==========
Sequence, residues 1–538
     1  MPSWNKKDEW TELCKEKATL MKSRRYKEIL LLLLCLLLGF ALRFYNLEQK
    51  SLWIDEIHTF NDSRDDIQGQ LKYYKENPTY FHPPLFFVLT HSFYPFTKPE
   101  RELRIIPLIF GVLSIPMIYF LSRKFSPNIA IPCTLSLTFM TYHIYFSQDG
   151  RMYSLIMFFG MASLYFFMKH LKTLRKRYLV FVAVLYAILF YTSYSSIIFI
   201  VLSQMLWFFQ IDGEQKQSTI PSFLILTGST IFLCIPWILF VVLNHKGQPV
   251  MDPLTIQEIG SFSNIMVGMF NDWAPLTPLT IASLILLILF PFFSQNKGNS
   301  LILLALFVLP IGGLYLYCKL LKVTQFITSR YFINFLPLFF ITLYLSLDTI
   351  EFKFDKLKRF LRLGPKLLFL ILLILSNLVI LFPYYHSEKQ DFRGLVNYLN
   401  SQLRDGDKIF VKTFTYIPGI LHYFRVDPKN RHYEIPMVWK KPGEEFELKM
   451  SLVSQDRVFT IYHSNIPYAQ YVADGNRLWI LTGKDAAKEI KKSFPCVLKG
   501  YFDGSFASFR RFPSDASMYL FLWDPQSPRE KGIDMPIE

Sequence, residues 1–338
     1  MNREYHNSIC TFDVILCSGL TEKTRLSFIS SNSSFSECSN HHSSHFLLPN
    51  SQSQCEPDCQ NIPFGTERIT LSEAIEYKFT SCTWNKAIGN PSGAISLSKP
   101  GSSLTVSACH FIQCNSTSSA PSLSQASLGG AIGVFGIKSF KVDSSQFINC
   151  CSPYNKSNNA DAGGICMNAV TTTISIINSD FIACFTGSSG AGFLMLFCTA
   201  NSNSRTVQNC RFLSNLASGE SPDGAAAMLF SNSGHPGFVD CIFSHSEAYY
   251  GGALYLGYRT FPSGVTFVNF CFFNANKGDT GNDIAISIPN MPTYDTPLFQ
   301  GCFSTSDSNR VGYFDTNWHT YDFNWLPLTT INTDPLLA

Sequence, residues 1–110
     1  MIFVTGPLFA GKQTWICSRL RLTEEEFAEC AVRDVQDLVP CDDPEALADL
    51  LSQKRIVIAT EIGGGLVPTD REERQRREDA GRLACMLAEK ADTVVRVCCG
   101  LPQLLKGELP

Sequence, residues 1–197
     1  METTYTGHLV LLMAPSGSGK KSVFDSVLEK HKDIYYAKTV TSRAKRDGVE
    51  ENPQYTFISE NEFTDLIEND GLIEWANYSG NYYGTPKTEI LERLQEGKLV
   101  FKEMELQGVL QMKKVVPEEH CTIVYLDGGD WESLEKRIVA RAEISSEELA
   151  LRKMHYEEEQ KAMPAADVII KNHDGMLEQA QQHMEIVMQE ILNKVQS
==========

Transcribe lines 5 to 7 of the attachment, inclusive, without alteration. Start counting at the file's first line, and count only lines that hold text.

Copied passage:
   151  RMYSLIMFFG MASLYFFMKH LKTLRKRYLV FVAVLYAILF YTSYSSIIFI
   201  VLSQMLWFFQ IDGEQKQSTI PSFLILTGST IFLCIPWILF VVLNHKGQPV
   251  MDPLTIQEIG SFSNIMVGMF NDWAPLTPLT IASLILLILF PFFSQNKGNS